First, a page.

In 2014, Families for Excellent Schools spent $9.6 million on lobbying — more than any other group in the state. With backing from a deep-pocketed board and donors including the Walton Foundation (which also provides funding to Chalkbeat), the group expanded into a $20 million operation by 2016. It also established a political arm outside New York, which helped pour $15 million into the pro-charter Massachusetts ballot measure.
But as it grew, the political combat it specialized in was becoming less in demand. State legislators passed laws to help charter schools expand and operate, and tensions eased between New York City’s charter sector and de Blasio.
“It has been less of an us versus them and more finding opportunity to work together,” said KIPP spokesman Steve Mancini.
Families for Excellent Schools did not join in the detente. Instead, it expanded its assault on de Blasio to include issues not directly related to charter schools. It used controversial state data to paint the city’s district schools as chaotic and violent, and denounced de Blasio’s expensive school-improvement program.
“It had really become about fighting [with] a mayoral administration that most people [in the charter sector] actually agreed with” on a range of other issues, said Bossier, the Families for Excellent Schools co-founder.
In a statement, a Families for Excellent Schools representative said the group advocated on behalf of a “a diverse coalition of public charter schools and families.”
“The accomplishments we’re most proud to be a part of — the landmark school facilities law and a series of increases in per-pupil funding for charter students — benefitted public charter schools that work closely with the de Blasio Administration and those that are more skeptical of the Mayor’s agenda,” said the statement.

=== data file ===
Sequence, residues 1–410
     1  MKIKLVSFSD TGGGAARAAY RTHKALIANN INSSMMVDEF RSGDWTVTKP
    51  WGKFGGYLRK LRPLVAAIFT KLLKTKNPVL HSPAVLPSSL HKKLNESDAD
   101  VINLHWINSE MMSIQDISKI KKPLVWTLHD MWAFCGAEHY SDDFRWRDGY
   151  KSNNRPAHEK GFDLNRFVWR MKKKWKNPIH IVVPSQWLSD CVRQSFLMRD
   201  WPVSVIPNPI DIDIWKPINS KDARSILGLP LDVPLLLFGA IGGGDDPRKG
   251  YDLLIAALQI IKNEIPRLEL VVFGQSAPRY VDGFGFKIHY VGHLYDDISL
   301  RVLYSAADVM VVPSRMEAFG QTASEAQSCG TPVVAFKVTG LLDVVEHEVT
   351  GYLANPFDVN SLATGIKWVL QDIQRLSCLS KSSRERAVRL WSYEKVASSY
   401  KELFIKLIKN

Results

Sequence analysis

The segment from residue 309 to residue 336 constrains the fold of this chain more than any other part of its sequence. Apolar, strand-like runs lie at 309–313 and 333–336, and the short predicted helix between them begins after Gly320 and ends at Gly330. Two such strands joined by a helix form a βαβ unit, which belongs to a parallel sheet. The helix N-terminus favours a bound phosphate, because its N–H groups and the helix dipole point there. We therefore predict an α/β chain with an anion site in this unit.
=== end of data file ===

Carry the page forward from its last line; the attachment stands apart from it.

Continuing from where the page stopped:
Meanwhile, Families for Excellent Schools had developed ambitions outside New York. It expanded to Connecticut and Massachusetts, where it poured resources into the ballot measure in favor of charter expansion. Voters overwhelmingly rejected it.
And echoing their counterparts in New York, some Massachusetts charter groups worried that Families for Excellent Schools’ no-holds-barred tactics hurt the sector’s public image.
“The bipartisan coalition that was strongly in support of charter schools — equally Republican, equally Democrat, equally independent — has been shattered through this campaign and the tactics employed by Families for Excellent Schools,” Marc Kenen, who ran the organization that filed the state’s ballot initiative, told WBUR.
Adding to Families for Excellent Schools’ bruising defeat, the group was slapped with a $426,500 fine for failing to disclose campaign donors and was barred from election-related activity in the state for four years. The high-profile failure, as well as a settlement that forced the disclosure of its donors, created new fundraising challenges, some observers said.
Back in New York, some of the charter networks the organization once courted — such as KIPP — had been developing their own advocacy and parent-mobilizing operations since well before last fall, leaving the group with fewer allies to fall back on.
Those former clients “stopped being willing to pay for [Families for Excellent Schools’] services as parent organizer or trainer,” said one charter school observer, “which meant, also, that Success was increasingly the organization’s only major validator.”
As a result, the group was left reeling last week when Success Academy announced — after Kittredge’s public firing — that it was parting ways with Families for Excellent Schools.
“Success Academy ended its relationship with FES last week, upon learning of the investigation into Jeremiah Kittredge’s actions and his termination,” said Ann Powell, a spokeswoman for the charter network.
A few days later, Families for Excellent Schools said it planned to shut down.
Monica Disare contributed reporting.